The Top Sales World European Sales Enablement Summit is a top-quality event in London on October 4th. It has four women keynote speakers talking about sales and sales enablement out of ten keynote speakers. That’s 40%, which probably matches up well with the make-up of the audience I would suspect.
CEO Jonathan Farrington says about the event: “Top Sales World’s primary objective for this first European Sales Enablement Summit is, quite simply, to join the dots,” says Farrington. “We will be viewing the Sales Enablement ‘landscape’ from every angle; the entrepreneur, the researcher, the strategist, the futurist, the practitioner, the technology provider, the messenger, the presenter, all have their own commitment to sales enablement excellence but each has their own approach.” (more…)
New sales people today are so lucky that it makes me envious. They’re given an accessible abundance of training, documented success stories, automated tools, and a knowledge base of best sales practices to guide them towards success. But, even with all this support, what completely puzzles me is that these lucky new sales reps are repeating the bad habits of their predecessors – and making the same rotten mistakes. You see, there was a time – long, long ago – when an effective salesperson was one that was good at schmoozing, was likable, took clients out to expensive dinners, and closed lots of deals. But these practices went only so far. Since then, especially with the major advances in technology, buyers have become much more sophisticated. The sales profession clearly had to adjust accordingly.
If you could follow around a group of outstanding salespeople and presenters with a camera over a long period of time, you would discover practices common to them all. These would likely range from small behaviors, like how they greet someone to broader skills, like how they link features to value in presentations. But, what would their “herding cats” behaviors be?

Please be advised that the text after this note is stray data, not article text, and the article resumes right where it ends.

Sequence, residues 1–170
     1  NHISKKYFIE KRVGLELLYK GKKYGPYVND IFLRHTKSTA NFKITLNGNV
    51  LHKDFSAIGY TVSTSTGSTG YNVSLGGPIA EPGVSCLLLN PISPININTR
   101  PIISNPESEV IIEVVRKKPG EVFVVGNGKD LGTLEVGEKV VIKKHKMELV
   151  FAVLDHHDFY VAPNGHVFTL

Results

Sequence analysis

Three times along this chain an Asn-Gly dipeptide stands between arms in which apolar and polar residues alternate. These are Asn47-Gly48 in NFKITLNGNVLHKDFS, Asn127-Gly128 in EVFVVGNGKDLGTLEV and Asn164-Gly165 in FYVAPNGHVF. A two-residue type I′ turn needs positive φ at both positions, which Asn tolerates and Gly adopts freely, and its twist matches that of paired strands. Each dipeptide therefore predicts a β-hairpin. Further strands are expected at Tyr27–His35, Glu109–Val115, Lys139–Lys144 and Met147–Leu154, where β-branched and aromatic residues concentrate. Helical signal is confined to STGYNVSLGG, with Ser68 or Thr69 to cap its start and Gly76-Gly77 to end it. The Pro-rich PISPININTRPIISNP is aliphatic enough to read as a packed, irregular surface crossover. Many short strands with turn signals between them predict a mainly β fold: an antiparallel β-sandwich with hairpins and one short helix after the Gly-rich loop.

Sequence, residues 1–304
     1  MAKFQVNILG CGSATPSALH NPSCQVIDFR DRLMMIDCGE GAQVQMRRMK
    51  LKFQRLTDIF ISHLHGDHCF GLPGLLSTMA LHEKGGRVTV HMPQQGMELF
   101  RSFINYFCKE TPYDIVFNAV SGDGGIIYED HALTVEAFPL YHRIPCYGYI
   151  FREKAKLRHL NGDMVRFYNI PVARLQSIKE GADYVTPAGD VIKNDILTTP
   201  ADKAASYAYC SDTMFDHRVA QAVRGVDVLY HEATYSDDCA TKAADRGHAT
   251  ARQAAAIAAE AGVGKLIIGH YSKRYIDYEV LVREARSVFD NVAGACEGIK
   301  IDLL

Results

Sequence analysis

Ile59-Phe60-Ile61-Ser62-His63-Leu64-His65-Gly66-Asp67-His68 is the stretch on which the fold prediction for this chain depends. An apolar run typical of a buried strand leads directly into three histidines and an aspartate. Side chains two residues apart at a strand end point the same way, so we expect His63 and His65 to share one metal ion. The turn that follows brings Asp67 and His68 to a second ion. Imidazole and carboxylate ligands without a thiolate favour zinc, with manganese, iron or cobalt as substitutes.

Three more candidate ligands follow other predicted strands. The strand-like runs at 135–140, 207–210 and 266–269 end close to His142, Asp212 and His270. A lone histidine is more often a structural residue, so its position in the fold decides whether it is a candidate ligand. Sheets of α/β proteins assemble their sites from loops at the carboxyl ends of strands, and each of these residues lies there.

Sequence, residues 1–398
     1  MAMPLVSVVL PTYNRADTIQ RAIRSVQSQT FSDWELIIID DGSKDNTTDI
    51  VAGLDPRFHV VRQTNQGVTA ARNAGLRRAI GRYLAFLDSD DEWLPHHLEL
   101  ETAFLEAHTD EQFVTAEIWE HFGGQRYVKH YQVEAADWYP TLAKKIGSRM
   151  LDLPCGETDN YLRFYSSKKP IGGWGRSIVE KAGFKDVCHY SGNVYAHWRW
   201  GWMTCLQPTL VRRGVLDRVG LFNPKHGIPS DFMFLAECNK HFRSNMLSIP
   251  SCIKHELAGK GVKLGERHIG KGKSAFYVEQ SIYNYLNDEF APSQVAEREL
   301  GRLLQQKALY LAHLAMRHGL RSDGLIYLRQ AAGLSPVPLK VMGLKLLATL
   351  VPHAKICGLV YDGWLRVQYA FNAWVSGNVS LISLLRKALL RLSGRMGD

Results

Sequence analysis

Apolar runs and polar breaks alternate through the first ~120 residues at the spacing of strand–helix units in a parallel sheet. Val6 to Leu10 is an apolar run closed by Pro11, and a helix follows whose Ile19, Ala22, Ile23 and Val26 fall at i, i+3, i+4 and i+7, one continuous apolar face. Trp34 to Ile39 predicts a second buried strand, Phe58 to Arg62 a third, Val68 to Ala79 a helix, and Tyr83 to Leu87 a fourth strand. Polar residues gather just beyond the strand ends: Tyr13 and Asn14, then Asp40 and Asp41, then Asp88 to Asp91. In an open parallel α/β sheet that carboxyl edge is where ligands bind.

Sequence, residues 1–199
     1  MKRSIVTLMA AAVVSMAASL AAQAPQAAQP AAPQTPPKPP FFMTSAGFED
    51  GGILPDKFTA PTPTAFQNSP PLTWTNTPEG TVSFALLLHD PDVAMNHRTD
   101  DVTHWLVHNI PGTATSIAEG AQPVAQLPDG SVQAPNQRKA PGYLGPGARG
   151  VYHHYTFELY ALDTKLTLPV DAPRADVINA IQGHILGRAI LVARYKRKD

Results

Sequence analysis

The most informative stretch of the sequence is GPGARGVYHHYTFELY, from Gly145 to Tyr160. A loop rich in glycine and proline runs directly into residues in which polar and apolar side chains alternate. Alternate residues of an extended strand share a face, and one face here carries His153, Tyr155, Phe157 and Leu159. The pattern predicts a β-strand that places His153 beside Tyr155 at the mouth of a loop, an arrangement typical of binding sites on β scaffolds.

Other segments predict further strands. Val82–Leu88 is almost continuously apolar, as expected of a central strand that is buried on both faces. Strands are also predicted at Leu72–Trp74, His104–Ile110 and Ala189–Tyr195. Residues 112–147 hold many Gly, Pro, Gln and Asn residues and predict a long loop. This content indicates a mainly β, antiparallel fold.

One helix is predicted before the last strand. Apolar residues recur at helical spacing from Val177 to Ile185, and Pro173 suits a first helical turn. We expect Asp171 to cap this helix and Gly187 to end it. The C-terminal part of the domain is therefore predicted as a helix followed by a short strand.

This “herding cats” phrase comes from an article by NY Times columnist David Brooks, writing about Doug Lemov, Managing Director of Teach Like a Champion. Lemov studies excellent teachers, as measured by student achievement, to determine the shared behaviors of outstanding educators. It turns out that the most successful teacher in a study of 6000 teachers was previously unheralded and that her key success skills were small and largely “invisible.” (more…)
SALESFORCE PRODUCTIVITY has been one of the hot conference topics for several years. And, when they first engage me, most clients use this term to mean what you’d expect – how do I get my sellers to sell more? Often though, the easiest methods for improving productivity are in your hands. Reducing internal obstacles, improving what my friend, Lori Richardson refers to as the” sales prevention department”, is one of the fastest ways to improve your numbers.
All things being equal – you have a great brand, a great product and solid delivery – how you enable your sellers will be the differentiator in making your numbers or not. The CEB has called this ‘seller burden’ and organizations will ‘higher burden’ have at least a 12% lower conversion rate. Here are five ways that you can pave the way for your sellers to be high performers. (more…)
Many companies come to us with no sense of what makes them unique. They feel as if they’re exactly the same as their competitors. Their goal is to run more frequent lead generation campaigns, or hire salespeople who will dial faster and shout louder than their competition. All this so they’ll reach prospects first because they don’t believe they have any unique differentiation to win sales on their well-earned merit. (more…)
Persistence. Tight-lipped determination. Perseverance. Strength of purpose. Staying power. These are the typical, sought-after characteristics of top sales people. The truth is, sometimes tenacity works, and sometimes it destroys sales success when it’s not applied in the right way. Yes, that’s right. The very traits sales managers seek in their reps can actually backfire and send them over the ledge of failure. It’s up to managers to recognize the signs and pull them back in.